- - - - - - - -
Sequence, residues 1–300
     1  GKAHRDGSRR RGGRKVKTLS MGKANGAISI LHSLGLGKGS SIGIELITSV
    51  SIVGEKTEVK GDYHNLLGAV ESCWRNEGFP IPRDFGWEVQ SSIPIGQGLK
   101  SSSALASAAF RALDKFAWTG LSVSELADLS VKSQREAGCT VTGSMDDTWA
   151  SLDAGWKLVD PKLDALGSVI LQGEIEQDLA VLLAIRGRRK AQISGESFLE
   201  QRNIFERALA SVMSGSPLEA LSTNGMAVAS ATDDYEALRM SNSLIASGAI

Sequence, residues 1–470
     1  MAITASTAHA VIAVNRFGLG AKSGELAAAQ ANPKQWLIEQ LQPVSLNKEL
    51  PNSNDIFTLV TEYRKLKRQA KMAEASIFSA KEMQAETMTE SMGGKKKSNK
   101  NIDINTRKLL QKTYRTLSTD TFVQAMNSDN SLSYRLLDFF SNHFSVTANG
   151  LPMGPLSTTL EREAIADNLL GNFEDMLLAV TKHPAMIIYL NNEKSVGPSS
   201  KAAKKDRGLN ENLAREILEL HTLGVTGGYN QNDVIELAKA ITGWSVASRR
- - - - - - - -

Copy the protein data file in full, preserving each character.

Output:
Sequence, residues 1–300
     1  GKAHRDGSRR RGGRKVKTLS MGKANGAISI LHSLGLGKGS SIGIELITSV
    51  SIVGEKTEVK GDYHNLLGAV ESCWRNEGFP IPRDFGWEVQ SSIPIGQGLK
   101  SSSALASAAF RALDKFAWTG LSVSELADLS VKSQREAGCT VTGSMDDTWA
   151  SLDAGWKLVD PKLDALGSVI LQGEIEQDLA VLLAIRGRRK AQISGESFLE
   201  QRNIFERALA SVMSGSPLEA LSTNGMAVAS ATDDYEALRM SNSLIASGAI

Sequence, residues 1–470
     1  MAITASTAHA VIAVNRFGLG AKSGELAAAQ ANPKQWLIEQ LQPVSLNKEL
    51  PNSNDIFTLV TEYRKLKRQA KMAEASIFSA KEMQAETMTE SMGGKKKSNK
   101  NIDINTRKLL QKTYRTLSTD TFVQAMNSDN SLSYRLLDFF SNHFSVTANG
   151  LPMGPLSTTL EREAIADNLL GNFEDMLLAV TKHPAMIIYL NNEKSVGPSS
   201  KAAKKDRGLN ENLAREILEL HTLGVTGGYN QNDVIELAKA ITGWSVASRR